Q&A: Former St. Joseph Health CIO says don’t split your CIO’s duties

 - Michael Marino, DO, MBA
Michael Marino, DO, MBA

The role of a chief information officer (CIO) has evolved well beyond handling billing and communications for a health system or the more recent role of getting an electronic health record (EHR) up and running. What CIOs now struggle with is convincing other members of the C-suite that hospitals have to keep updating and investing in technology.

Michael Marino, DO, MBA, has been both CIO and chief medical information officer (CMIO) of the 23,000-employee St. Joseph system with 16 facilities throughout California, Texas and New Mexico. He's now its chief of information security (IS) operations and clinical systems. Marino spoke with HealthExec about how the CIO role has changed, whether it’s still a one-person job and the technological problems he’s heard about at smaller systems.

HealthExec: What is the state of technology investment in healthcare—and are the investments paying off?

Michael Marino, DO, MBA: Hospitals and health systems have certainly got the message that it’s important and have invested a significant amount in core systems, EHRs, PACS (picture archiving and communication systems). I think the part that’s been missing—and I think St. Joe’s may be different—is that it’s going to require ongoing investment. It’s not one-and-done.

That is both in the software space and in the hardware space. So in order to roll out an EHR for any hospital to hit MU (meaningful use), hospitals had to make the big investment [and] have servers or come up with a partner to host it. You had to roll out multiple PCs, but anybody who works on a PC knows they’re good for, what, two years, three years?

It’s just like the phone we have in our pocket. Does anybody have a phone older than three years?

So I think when you’re going back to leadership and saying it requires an ongoing investment, [that's why] a lot of systems are struggling. We don’t necessarily struggle with the innovation part of this bend, but with some of the core infrastructure. It’s hard to convince CFOs you’ve got to buy PCs every three years.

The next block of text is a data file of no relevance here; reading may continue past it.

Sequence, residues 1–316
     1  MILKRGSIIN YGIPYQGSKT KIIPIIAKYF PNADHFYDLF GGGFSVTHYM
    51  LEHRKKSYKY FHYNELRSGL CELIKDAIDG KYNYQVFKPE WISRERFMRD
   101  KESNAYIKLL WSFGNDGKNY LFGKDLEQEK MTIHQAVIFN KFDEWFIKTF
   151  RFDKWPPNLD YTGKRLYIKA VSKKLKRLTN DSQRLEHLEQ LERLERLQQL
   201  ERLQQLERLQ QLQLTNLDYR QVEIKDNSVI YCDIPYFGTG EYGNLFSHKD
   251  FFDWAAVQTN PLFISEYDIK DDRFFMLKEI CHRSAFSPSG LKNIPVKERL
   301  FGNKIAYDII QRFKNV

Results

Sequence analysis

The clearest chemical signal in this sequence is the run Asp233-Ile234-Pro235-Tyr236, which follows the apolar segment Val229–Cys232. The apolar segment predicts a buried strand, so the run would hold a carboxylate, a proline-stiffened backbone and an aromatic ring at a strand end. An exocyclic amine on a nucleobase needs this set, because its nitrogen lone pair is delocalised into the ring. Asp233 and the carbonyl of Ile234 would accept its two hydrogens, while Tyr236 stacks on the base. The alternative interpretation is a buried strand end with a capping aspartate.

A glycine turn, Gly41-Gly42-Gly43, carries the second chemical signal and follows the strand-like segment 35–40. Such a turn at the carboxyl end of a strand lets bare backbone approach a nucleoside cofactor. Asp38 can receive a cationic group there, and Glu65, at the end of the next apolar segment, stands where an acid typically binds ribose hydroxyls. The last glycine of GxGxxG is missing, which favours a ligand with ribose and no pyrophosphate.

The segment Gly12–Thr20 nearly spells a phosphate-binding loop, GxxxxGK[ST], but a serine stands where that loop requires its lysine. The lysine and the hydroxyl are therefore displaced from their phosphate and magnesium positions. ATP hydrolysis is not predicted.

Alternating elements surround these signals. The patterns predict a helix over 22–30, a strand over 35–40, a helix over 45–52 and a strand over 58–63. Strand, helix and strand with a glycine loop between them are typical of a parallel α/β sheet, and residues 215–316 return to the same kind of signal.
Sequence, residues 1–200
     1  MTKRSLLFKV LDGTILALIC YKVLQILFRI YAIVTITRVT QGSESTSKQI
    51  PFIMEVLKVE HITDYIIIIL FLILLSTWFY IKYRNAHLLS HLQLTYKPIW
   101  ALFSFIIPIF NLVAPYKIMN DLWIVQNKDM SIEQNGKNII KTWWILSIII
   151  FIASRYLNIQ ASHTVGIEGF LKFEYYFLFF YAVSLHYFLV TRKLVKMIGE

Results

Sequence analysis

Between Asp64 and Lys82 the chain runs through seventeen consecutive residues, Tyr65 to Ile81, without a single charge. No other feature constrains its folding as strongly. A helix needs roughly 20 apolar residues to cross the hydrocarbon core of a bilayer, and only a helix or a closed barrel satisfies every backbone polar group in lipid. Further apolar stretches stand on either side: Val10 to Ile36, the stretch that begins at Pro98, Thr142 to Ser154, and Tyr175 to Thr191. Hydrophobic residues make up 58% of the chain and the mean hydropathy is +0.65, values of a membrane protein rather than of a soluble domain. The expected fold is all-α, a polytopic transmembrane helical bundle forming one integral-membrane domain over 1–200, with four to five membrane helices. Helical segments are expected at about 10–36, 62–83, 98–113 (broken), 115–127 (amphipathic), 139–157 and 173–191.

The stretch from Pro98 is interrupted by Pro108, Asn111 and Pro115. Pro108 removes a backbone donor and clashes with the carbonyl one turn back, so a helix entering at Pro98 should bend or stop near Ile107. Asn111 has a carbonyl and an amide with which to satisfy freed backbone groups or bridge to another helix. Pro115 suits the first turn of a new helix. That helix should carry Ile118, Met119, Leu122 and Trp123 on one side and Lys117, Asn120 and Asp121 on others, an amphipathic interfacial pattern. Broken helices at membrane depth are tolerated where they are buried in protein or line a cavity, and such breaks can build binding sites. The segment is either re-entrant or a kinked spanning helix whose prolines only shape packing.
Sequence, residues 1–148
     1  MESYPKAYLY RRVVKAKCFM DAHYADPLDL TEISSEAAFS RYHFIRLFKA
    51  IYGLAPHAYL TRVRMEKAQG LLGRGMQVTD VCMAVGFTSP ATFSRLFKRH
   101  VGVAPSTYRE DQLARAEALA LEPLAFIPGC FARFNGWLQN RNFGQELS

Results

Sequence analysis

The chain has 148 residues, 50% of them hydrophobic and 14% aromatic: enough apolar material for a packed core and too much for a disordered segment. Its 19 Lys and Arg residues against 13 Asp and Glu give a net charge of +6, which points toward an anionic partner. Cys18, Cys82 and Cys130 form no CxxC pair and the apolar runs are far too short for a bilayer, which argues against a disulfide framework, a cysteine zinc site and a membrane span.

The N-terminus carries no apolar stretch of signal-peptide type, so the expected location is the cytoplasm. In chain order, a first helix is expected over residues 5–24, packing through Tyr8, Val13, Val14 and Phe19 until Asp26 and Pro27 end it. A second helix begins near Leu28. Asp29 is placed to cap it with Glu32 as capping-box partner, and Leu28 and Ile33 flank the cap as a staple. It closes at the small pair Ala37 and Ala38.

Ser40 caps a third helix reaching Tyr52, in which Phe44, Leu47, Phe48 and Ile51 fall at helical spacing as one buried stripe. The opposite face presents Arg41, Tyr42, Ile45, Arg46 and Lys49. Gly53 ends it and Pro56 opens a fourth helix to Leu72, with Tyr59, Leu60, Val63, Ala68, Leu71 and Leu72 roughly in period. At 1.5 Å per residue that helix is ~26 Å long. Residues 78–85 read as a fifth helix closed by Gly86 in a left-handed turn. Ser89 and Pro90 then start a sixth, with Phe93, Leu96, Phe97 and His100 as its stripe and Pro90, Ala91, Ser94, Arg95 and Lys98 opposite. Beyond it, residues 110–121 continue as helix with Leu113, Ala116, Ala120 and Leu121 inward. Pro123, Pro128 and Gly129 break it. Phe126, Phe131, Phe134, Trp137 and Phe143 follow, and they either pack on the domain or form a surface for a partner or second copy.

St. Joseph covers a much larger geographic region than many providers—do you think ongoing investment is a harder sell to the leadership at smaller, more localized providers?

I do. I have conversations with colleagues or you look at other hospitals, smaller hospitals or systems—sometimes they’re working with outdated systems.

St. Joe’s has Meditech currently. When you talk to Meditech about other clients or their user meetings, there are a lot of people using outdated versions. People aren’t moving forward.

With all the ongoing investment and changes needed, how do you see the role of the CIO evolving?

Originally, it was the systems that kept the transactional parts of the hospital up—what they needed for billing, some kind of communication, then it was the basic infrastructure over the past 10 or 15 years for an EHR. Now, it’s that plus mobility, plus engagement. We want to partner with startups, so a huge part of my workflow is managing multiple relationships with companies that are new to the space. Some of those we have investments in because we’re trying to diversify and some are just startups, but it’s much different to deal with multiple new companies versus the diehards, whether you have a relationship with Meditech or Cerner or GE, when it’s tried and true and you’re just buying pieces.

A lot of our relationships now are with companies that are still doing work in development, so you’re managing on a development cycle versus just buying a software platform and waiting for next year’s upgrade.

Should all those responsibilities still be handled by one person in the C-suite?

I would advocate that you’re better off with one person overarching. You can’t be in the weeds.

As we’re coming together with Providence, it has a split model. They have an innovation leader and a CIO leader. Occasionally, you can get cross purposes or, if your innovation folks aren’t connected enough with the work, you can have innovation for innovation’s sake. Then they’re looking for a place to deploy it, and it may not fit in the overall operational strategy.

So I think having one person over it is a better model than it being separate pillars.